Small pet stores thrive by offering unusual products, personal service

Independent pet stores like Rock Dog & Cat are thriving as pet ownership increases. Store owner Peter Berman says his employees frequently know what their customers will buy, even before they ask for it.
(Cheryl A. Guerrero / Los Angeles Times)

Chicken patties, grain-free kibble and animal carriers fill an eight-shelf floor-to-ceiling display behind the register at Rock Dog & Cat.

Regulars dash into the small Eagle Rock pet store to pick up organic dog treats or feathery cat toys. They chat with owner Peter Berman and pet Vinny, the store’s greeter dog.

“I’m always looking for something that carries higher food quality and especially raw food,” said Jennifer Erholm, who has three cats and one dog. “I don’t have kids, so let’s say they’re very important.”


Pet stores: In the May 12 Business section, an article about the growth of independent pet retailers said that PetSmart Inc. revenue is projected to reach about $6.6 million for 2014-2015 from about $5.4 million in 2010-2011, and that Petco Animal Supplies Inc. sales will increase about $3.2 million this year from $2.7 million in 2010, according to estimates from market research firm IBISWorld. Those figures should have been in billions of dollars.


Independent stores such as Rock Dog & Cat are thriving as pet ownership rises, and dog and cats increasingly are seen as family members.

Such retailers have survived the expansion of big-box brands PetSmart and Petco as well as other places to buy pet products, such as supermarkets and online vendors. And they have weathered consumers’ post-recession reluctance to spend.

The pet store industry is projected to generate $17.5 billion in revenue this year, a nearly 20% increase over 2010’s $14.6 billion in sales, according to market research firm IBISWorld.

Although more than half of that revenue comes from PetSmart and Petco, the industry is also defined by a large number of small retailers.


In 2014, there were 8,296 regional and independent pet store chains, each with fewer than 200 locations, up slightly from the year before, according to the GfK market research firm. In comparison, Petco and PetSmart combined operate about 2,800 stores.

“These smaller chains are really successful because they get to know their customers,” said Steve King, president of the Pet Industry Distributors Assn., which works with pet product wholesalers. “They can be much more nimble in the marketplace and bring on products that are new and trending and hot.”

Pet store owners point to unusual products as crucial to their success.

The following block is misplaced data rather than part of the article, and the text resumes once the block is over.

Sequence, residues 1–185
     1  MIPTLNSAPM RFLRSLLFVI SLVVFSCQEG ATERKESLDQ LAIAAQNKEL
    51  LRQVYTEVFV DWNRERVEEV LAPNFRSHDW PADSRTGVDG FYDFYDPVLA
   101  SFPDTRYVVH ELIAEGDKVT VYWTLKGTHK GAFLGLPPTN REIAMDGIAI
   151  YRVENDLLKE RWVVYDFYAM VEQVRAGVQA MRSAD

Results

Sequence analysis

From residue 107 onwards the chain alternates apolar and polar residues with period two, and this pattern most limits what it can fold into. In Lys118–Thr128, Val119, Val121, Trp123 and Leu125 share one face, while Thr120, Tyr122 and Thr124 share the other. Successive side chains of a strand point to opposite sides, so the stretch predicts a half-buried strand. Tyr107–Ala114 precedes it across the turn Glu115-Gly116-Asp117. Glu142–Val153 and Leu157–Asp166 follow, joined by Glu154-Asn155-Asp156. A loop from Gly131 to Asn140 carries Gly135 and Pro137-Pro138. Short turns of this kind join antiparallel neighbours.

Near the cash register at Rock Dog and Cat, Berman stocks hand-knit dog scarves made by a local artist.

At pet boutique Pussy & Pooch’s Beverly Hills location, specialty raw food is a top-selling item, said co-owner Janene Zakrajsek. The four-store chain focuses on premium offerings, including the Pawbar, an in-store cafe that serves raw meat meals, organic prepared food and treats.

“What humans now have for themselves, they want that for their animal,” Zakrajsek said.

The heaviest purchasers of pet products tend to be customers that are health-conscious and are from households that earn more than $70,000, said James Russo, senior vice president of global consumer insights at Nielsen.

“The overall consumer landscape has a major focus on health and wellness,” Russo said. “That trend filters into our pets. Pets are an incredibly important part of families.”


People with pets often fall into one of three categories: the pet owner, who still “thinks of the animals more so as property,” the pet lover and the pet parent, Zakrajsek said.

Pet parents drive growth in the services category, she said.

Pet services, such as full service grooming, tooth brushing and day camps, are the fastest-growing product segment for the industry over the last five years, according to IBISWorld.

Such attitudes also play a role in the expansion of PetSmart and Petco.

Phoenix-based PetSmart Inc. has grown to 1,404 locations from 1,149 stores in 2009. Revenue is projected to reach about $6.6 million for 2014-2015 from about $5.4 million in 2010-2011, according to estimates from IBISWorld.

San Diego-based Petco Animal Supplies Inc. has also seen sales increase to an estimated $3.2 million this year from $2.7 million in 2010, according to IBISWorld. The company operates 1,411 stores compared to 950 locations in 2009, IBISWorld said.

The expansion is more than just big-box stores. In 2009, the company introduced stores named Unleashed by Petco that are intended to “answer the call of our customers who were looking for a smaller footprint, locally focused neighborhood pet store,” Petco spokeswoman Megan Oxford said. The smaller stores spotlight “high-quality products” and the “very best” in dog and cat food, Oxford said. The stores also host events such as pet birthday parties and meet-ups.

In the next five years, IBISWorld forecasts, PetSmart and Petco will grow even larger, posing a threat to smaller retailers who are unable to differentiate themselves and find a niche.


Customer service is a point of pride for many small pet stores.

Berman said that employees of Rock Dog and Cat frequently know what their customers will buy, even before they open their mouths.

“Just shopping here twice, people would know you,” Berman said. “That’s the benefit of going to a little neighborhood store.”

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